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Hot Chocolate on a Stick


A few years ago I saw hot chocolate on a stick and have wanted to make it ever since. What a cute little invention and perfect for chilly days. You have your chocolate and marshmallow all ready to go so all you do is add it to hot milk; stir and you’re ready to go. I made a new batch of my homemade marshmallows, recipe here. This time I just left them white and used a small cook cutter to cut them out. They turned out perfect and after this I could never imagine using store bought ones.

Not only are these perfect to have around the house but they make really cool gifts. You can get creative with how you wrap them up. I used plastic coffee stirrers that I broke in half but you can use anything you have on hand like wooden sticks maybe. After my chocolate was done I just slid a marshmallow on top and stored them in a a Ziploc bag in the refrigerator.

1/2 cup heavy cream
14-ounce can sweetened condensed milk (1 1/4 cups)
3 cups semisweet or bittersweet chocolate (chopped chocolate bars or chips)
3/4 cup unsweetened baking chocolate
Sticks (wooden or plastic)

1.  Line an 8" x 8" pan with parchment paper or aluminum foil.

2.  Heat the cream and condensed milk over low heat until steaming. Remove from the heat and add the chocolate; allow it to gently melt.

3.  After about 10 minutes, return the chocolate mixture to low heat to completely melt the chocolate. Whisk vigorously until the mixture is thick and shiny. Add a few drops of flavoring oil if you like; hazelnut, coffee, or vanilla are popular flavors.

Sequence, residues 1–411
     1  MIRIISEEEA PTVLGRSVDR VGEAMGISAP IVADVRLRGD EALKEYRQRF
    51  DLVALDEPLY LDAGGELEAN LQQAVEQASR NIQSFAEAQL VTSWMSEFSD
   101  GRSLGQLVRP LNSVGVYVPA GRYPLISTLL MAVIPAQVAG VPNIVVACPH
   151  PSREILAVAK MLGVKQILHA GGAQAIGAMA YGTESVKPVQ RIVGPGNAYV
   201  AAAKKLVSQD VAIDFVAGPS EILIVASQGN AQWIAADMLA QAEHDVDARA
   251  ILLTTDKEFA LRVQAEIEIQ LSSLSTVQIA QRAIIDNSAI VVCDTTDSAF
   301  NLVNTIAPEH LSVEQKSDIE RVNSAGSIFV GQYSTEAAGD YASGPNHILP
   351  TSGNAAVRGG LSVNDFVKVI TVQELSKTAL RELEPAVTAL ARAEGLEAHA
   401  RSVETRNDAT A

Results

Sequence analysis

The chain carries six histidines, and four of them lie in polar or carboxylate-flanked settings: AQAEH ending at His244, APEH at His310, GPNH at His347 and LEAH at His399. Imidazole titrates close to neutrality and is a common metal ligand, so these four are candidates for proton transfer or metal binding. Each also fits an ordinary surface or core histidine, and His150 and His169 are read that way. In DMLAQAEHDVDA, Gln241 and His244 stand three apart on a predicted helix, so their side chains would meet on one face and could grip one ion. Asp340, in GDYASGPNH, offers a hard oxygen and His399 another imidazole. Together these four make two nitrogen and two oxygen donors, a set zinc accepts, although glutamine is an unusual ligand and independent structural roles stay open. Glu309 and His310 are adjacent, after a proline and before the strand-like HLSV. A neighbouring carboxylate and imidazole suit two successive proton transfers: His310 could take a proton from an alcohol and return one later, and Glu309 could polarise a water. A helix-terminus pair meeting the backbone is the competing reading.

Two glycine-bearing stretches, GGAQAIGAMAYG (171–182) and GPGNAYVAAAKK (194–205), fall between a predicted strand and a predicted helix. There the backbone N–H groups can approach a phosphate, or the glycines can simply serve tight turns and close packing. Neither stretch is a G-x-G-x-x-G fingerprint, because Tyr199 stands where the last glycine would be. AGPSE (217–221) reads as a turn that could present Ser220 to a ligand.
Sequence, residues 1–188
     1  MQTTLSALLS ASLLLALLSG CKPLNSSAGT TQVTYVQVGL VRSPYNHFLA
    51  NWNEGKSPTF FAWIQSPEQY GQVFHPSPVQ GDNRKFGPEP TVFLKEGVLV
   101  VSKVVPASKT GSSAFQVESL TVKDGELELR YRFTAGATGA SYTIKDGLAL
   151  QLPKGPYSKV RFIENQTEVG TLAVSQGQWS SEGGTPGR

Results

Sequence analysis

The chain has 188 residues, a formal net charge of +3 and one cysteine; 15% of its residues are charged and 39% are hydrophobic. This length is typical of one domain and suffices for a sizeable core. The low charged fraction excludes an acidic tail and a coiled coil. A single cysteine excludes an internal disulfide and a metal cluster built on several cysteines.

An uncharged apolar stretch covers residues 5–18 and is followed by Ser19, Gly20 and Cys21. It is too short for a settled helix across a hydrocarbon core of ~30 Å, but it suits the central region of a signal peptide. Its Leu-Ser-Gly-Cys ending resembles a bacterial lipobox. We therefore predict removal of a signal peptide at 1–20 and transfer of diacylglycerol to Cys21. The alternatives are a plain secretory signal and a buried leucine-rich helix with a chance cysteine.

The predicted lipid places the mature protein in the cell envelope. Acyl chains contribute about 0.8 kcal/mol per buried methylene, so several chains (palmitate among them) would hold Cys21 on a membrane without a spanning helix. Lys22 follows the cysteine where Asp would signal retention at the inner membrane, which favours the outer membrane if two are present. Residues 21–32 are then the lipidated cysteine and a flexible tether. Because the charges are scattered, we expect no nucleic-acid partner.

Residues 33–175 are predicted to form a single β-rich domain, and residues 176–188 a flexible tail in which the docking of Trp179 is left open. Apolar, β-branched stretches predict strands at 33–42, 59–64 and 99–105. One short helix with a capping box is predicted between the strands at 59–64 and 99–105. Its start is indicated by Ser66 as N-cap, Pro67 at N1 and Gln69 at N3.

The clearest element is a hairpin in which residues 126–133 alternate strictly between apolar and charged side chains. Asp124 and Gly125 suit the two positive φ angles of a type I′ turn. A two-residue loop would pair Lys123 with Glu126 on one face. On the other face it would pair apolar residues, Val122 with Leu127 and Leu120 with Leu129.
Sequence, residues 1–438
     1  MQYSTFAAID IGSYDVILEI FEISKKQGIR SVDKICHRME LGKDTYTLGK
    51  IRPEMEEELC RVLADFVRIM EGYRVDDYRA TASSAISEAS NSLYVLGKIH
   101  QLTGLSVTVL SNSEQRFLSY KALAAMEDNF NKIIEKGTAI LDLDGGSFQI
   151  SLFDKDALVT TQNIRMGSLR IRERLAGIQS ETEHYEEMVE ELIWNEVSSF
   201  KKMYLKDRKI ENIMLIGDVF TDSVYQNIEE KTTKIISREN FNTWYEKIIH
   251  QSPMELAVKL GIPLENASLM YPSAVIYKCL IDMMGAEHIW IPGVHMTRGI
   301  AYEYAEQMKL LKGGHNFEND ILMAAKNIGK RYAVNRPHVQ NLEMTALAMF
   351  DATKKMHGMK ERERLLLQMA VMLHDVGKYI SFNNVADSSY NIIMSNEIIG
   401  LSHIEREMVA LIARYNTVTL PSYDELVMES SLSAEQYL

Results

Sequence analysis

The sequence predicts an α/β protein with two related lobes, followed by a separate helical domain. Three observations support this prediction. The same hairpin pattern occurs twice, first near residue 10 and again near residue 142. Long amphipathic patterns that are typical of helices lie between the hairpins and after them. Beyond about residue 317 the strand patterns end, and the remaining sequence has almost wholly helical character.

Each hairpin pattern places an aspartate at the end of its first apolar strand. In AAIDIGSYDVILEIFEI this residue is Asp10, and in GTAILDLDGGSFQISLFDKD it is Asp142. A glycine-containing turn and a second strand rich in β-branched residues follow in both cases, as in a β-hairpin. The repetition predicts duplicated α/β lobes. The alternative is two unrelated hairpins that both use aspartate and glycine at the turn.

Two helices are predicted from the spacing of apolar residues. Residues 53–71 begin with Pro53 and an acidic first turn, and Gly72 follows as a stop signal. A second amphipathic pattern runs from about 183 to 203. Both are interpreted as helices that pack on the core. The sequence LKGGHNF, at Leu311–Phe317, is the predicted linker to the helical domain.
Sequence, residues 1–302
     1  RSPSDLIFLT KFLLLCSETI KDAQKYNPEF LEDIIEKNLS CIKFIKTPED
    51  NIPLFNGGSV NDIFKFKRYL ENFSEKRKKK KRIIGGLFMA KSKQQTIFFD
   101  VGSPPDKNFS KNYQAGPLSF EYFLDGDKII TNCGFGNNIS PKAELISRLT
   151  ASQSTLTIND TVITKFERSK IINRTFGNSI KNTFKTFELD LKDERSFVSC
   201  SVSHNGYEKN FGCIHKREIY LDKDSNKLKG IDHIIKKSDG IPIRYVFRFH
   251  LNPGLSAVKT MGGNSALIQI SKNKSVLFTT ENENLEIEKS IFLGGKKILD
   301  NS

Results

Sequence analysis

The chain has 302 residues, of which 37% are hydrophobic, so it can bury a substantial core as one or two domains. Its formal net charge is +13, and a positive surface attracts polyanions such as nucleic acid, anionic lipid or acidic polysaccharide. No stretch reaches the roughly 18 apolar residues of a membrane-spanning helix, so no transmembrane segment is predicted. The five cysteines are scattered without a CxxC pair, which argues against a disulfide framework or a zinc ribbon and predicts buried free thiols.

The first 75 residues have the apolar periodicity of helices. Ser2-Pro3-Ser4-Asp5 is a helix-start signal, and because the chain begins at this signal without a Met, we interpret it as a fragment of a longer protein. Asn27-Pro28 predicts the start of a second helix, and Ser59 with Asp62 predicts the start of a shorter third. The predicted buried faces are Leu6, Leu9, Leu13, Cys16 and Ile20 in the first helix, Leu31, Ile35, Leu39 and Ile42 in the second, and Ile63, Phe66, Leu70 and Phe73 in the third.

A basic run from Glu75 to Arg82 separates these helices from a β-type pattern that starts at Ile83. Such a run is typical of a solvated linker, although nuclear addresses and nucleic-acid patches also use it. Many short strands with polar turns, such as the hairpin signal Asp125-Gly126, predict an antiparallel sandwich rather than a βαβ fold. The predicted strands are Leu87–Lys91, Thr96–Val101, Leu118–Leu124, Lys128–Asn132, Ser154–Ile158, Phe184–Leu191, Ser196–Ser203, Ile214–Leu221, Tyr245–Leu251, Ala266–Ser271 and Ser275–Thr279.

4.  Pour the chocolate mixture into the pan; shake the pan gently to level. Sprinkle with cocoa, if desired. Set aside overnight to slowly set up.

5.  Run a knife around the edge of the pan and turn out onto a clean cutting surface.

6.  Slice into 1-1/4 cubes. Heat a knife in hot water and wipe dry before each cut, for smoothest cuts.

7.  Stick a wooden stick into the center of each block.

8.  Roll in cocoa or crushed peppermint candy, if desired. Wrap in waxed paper, parchment, or plastic wrap to store.

Yields: about 3 dozen blocks

adapted from King Arthur flour

4 comments:

  1. Maryam Khalifa12/11/2012

    I have a suggestion, you could pour the chocolate into sillicone ice cuble moulds which saves the cutting and gives a cleaner finish?

    www.jadoreik.blogspot.co.uk

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    Replies
    1. That is actually what I did with these and it was a bit hard to get them out. The mixture is fudge like not pure chocolate so this way I think would be a lot easier.

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